Navigation Links
Immune system compromised during spaceflight, study finds
Date:5/14/2010

Tucson, Ariz. -- Astronauts are known to have a higher risk of getting sick compared to their Earth-bound peers. The stresses that go with weightlessness, confined crew quarters, being away from family and friends and a busy work schedule - all the while not getting enough sleep - are known to wreak havoc on the immune system.

A research group led by immunobiologist Ty Lebsack at the University of Arizona has discovered that spaceflight changes the activity of genes controlling immune and stress response, perhaps leading to more sickness.

Between spaceflight affecting a crew's susceptibility to infections and previous observations of sickness-causing microbes thriving in a near-zero gravity environment, long journeys to far-away destinations such as Mars pose a big challenge to manned space missions.

"Taken together, our results hint at the possibility that an astronaut's immune system might be compromised in space," said Lebsack of the UA's department of immunobiology in the College of Medicine.

Lebsack and his colleagues focused their study on the thymus gland, the organ that serves as a "factory" and "training academy" for T-cells that are key players of the immune system. They compared gene-expression patterns in thymuses from four healthy mice that had spent 13 days aboard NASA's STS-118 Endeavor Space Shuttle to those from an equal number of control mice on the ground.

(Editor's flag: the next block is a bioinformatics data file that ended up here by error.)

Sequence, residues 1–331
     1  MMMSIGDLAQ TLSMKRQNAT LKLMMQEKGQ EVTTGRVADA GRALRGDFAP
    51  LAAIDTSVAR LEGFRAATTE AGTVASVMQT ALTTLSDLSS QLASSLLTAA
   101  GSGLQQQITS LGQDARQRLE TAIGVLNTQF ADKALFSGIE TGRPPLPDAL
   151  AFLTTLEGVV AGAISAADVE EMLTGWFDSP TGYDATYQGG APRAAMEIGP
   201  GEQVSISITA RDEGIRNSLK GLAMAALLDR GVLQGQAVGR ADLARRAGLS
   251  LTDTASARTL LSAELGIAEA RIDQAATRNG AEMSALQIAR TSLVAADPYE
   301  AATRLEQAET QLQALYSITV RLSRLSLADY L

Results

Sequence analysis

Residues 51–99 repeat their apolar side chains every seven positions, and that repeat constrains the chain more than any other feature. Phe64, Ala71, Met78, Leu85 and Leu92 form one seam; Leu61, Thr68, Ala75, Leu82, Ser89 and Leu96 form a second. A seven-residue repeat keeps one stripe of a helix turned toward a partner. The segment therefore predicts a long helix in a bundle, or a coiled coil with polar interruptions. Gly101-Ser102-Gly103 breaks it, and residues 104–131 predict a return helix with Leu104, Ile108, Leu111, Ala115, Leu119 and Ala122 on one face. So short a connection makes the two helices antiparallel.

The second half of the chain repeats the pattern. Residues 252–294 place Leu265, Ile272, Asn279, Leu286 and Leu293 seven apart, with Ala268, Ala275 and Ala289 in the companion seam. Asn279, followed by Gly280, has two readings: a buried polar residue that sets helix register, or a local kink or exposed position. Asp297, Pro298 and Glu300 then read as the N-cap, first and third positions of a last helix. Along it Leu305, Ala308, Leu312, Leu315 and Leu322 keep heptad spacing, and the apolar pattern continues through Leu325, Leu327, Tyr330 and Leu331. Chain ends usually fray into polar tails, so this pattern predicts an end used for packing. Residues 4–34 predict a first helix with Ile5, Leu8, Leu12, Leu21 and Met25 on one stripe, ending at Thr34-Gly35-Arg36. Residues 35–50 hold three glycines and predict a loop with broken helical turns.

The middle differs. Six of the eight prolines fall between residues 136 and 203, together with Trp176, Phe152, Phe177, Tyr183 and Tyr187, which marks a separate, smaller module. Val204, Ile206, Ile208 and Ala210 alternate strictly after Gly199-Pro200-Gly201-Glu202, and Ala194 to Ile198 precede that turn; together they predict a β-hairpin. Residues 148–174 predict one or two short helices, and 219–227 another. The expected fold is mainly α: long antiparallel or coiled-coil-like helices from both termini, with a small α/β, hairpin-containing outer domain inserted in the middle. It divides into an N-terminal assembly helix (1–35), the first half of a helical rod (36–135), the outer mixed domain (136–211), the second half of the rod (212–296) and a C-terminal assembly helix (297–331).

Their finding: 970 individual genes in the thymus of space-flown mice were up or down-regulated by a 1.5 fold change or greater. When these changes were averaged, 12 genes in the thymus tissue of all four space-flown mice were significantly up or down-regulated. "The altered genes we observed were found to primarily affect signaling molecules that play roles in programmed cell death and regulate how the body responds to stress," Lebsack said.

Programmed cell death plays an important role in a functioning body, for example in the disposal of cells that are no longer needed or damaged beyond repair. However, cell death must be tightly regulated in the immune system to ensure the process does not get out of hand.

"Many of the genes whose activity was down-regulated in the space-flown mice play important roles in maintaining that balance," Lebsack said. "Potentially, you could get more cell death aboard a spacecraft because of these differences."

The results fit in with experiments carried out on the ground to study how microgravity affects immune cells. In these experiments, scientists mimicked weightlessness using clinostats - apparatuses that slowly rotate the study object so the Earth's gravitational pull is never perceived as coming from one consistent direction.

"Previous studies with cell cultures in clinostats showed increased cell death in T-cells when you take away the gravity stimulus," said Lebsack, "so it was a logical step to test whether we find the same effects in animals exposed to an actual lack of gravity."

"We observed an overall pattern about the genes whose expression was changed by space flight: All of them are involved, in one way or another, in the development, control and programmed cell death of immune cells."

This study represents the first use of microarray technology to investigate gene expression in thymus tissue of space-flown mice, according to the authors. Complex research undertakings like this require specialists combining their different areas of expertise.